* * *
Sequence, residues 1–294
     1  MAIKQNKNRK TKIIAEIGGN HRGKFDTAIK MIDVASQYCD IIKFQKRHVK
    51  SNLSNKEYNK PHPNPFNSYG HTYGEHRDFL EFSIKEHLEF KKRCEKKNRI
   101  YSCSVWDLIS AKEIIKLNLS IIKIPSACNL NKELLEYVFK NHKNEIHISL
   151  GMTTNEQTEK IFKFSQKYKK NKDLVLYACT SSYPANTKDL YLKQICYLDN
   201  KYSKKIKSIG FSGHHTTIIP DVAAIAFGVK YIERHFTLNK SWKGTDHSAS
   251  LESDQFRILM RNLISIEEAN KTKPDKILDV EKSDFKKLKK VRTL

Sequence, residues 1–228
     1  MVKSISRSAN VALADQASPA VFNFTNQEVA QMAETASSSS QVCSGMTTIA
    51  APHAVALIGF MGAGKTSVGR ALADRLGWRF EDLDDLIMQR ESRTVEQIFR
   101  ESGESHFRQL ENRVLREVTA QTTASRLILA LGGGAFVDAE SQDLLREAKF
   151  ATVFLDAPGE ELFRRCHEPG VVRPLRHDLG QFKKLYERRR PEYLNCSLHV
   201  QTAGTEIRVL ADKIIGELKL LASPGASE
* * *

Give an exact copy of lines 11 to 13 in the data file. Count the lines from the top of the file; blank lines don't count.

   101  ESGESHFRQL ENRVLREVTA QTTASRLILA LGGGAFVDAE SQDLLREAKF
   151  ATVFLDAPGE ELFRRCHEPG VVRPLRHDLG QFKKLYERRR PEYLNCSLHV
   201  QTAGTEIRVL ADKIIGELKL LASPGASE